Papaya and Pineapple.  Though not herbs, both of these fruits contain enzymes that break down protein and are good for relieving indigestion.

Red Pepper (Capsicum, various species). Americans often believe that hot spices upset the stomach. But, much of the rest of the world knows better—that hot spices like red pepper help soothe it. Red pepper also stimulates digestion.

Carminative Herbs prevent the formation of gas in the digestive tract which is the musculomembranous digestive tube extending from the mouth all the way through the body.

Here is a list of assorted carminative herbs:  agrimony, allspice, apples, basil, bay, bee balm, buckwheat, burdock, caraway, calendula, cardamom, catnip, celery, chervil, chives, cloves, coriander, cumin, dandlion root, dill, fennel, garlic, horehound, hyssop, lemon balm, lemon-grass, lovage, nutmeg, onions, oregano, parsley, parsnips, rosemary, sage, savory, St.John’s Wort, tarragon, thyme, turmeric, vanilla and yarrow.

You can use any of these herbs or a mixture of them to relieve indigestion. They can all easily be made into tea.

Turmeric root helps keep digestive inflammation under control. Turmeric contains curcumin which has an anti-inflammatory effect. It is used for dyspepsia, which is that “Oh, I ate way too much Thanksgiving dinner feeling”.  Turmeric is best taken in capsule form because it will stain anything it touches.

Cinnamon.   Cinnamon is also a carminative   Some studies have shown that Cinnamon helps people with diabetes metabolize sugar better. It is used for flatulence, nausea and to soothe an upset stomach.  In addition, did you know that if you chew cinnamon or cinnamon gum, it curbs your appetite!

Chamomile is for Digestive Problems. Over the centuries, chamomile has proven it works time and again.  As an antispasmodic, it soothes inflammation in the digestive system.  Chamomile is also a carminative, that is, a stomach soother, and it's especially good for indigestion.

So with this information at hand, pick a remedy, sit back, have a cup of herbal tea…..and enjoy the Eating Season.

                               Happy holidays !!

Saturday, November 02, 2013

Memory Lapses of Convenience

Apparently the things that come across the screen often rumble around in my brain, waiting for just the right moment to come together.  This morning was such a moment.  For some reason, in the middle of making a pot of coffee, the thought of the new "pods" for laundry and dishwasher popped up, and the idea that the heavy plastic bottles the detergent came in (and the added water content to make the bottles even bigger) would soon be a thing of the past.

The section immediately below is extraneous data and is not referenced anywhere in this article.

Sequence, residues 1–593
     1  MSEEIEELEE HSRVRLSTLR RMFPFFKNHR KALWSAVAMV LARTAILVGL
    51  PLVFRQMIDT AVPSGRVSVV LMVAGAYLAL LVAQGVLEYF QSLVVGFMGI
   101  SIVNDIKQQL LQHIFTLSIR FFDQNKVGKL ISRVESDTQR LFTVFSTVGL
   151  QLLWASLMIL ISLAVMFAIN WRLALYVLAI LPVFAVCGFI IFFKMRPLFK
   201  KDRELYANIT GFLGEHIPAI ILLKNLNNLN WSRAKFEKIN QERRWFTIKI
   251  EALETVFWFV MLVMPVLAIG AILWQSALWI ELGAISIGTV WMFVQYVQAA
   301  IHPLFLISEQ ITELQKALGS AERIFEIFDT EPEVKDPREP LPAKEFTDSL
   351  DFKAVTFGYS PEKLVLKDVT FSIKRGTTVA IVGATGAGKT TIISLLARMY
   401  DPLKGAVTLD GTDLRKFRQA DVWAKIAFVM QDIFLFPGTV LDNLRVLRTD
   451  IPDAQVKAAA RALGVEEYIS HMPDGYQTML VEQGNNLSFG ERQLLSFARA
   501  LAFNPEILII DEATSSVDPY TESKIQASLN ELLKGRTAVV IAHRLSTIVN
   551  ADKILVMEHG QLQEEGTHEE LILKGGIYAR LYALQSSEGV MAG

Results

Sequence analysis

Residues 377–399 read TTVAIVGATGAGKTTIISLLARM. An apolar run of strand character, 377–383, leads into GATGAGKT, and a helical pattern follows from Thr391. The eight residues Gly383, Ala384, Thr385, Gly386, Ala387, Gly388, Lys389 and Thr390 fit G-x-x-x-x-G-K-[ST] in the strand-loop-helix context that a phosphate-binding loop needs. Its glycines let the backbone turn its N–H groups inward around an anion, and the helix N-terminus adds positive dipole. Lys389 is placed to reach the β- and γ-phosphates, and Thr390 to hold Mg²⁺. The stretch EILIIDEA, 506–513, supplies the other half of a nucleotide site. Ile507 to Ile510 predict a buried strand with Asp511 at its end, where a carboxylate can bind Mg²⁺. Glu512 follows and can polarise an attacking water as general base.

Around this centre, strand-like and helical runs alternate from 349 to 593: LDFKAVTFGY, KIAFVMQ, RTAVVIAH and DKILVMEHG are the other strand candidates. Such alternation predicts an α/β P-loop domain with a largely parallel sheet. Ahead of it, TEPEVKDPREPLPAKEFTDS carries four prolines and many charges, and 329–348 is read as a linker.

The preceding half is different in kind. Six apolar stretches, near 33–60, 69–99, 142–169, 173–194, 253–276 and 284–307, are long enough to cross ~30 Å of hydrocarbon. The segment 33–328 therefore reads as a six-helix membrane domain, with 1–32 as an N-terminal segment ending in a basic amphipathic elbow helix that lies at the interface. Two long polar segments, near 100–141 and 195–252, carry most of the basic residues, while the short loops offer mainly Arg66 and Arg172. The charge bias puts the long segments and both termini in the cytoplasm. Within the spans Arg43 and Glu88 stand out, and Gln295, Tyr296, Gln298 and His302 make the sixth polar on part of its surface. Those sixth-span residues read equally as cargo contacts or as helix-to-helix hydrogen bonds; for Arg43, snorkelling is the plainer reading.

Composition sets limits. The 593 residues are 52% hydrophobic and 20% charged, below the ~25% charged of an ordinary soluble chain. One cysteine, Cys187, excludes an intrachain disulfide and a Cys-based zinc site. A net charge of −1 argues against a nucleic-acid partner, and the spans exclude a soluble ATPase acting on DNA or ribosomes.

Next thought was of the bags that hold the pods, followed by a vague idea of shops where you could take your own containers to scoop them from bins...
And that led me to start thinking about a headline of an article I saw earlier in the week, stating that the first supermarket had opened as recently as 1946.

Think about that!  Less than 70 years ago, we ate real food.

That (of course) took me down memory lane to my childhood, of milk men, bakery deliveries, the Jewel Tea man, and locals might remember, the Charles Chips man.  There were other sales people who came calling too - Fuller Brush, encyclopedia salesmen, and on and on.  I'm old enough to remember butcher shops, bakeries, the fish market, and the store that only sold fruit.  I can remember wrapping the day's trash in sturdy paper before putting it into the trash barrel because there was no such thing as a plastic garbage bag.  There really was very little trash, especially if there was a compost pile.  Groceries came home in brown paper bags that stood up all by themselves.

A trip to the grocery store with these things swirling in my head the other day, had me looking at all the packaging and marketing that we've come to accept and expect, all of these changes mostly happening within my lifetime.  All the convenient single-servings that are then packaged again in a larger container so that we don't have to take out a spoon and portion it out ourselves.  All the single-use, disposable, plastic, plastic, plastic everything, everywhere.

And I had forgotten.

You might wonder how I can continue to print a magazine while pondering these things, and I admit to sometimes feeling guilt about that.  At least paper is a somewhat renewable, compostable item - even if our readers didn't tell us that they keep every single issue they ever get, forever.  Since the computer has become so much a part of our every day life, printing has fallen off dramatically, with many printing companies going under as magazines and newspapers go on-line (or die).  Our own customer base, when given the choice, chooses paper 20-1 over the virtual magazine, so that's what we do.

But back to the grocery store...
As our food prices soar and our incomes decrease, will we start to realize how much we're paying for those convenient little pre-measured portions?  Will we opt for the pot of coffee over a K-cup, choose the large bag of rice over the boil-in bags?  Might we decide to use a dusting cloth instead of a disposable piece of fluff?  Make our own soups instead of canned?  Buy a quart of applesauce and use a bowl and spoon?  Perhaps we might just be able to separate a slice of cheese on our own? Could this be the time when we start to throw away the throw-aways that destroy the environment and deplete our wallets? 

Something's got to give.  If there is any silver lining to the currently ridiculous state of economics in the country, wouldn't it be great if we suddenly realized what we were doing - and stopped?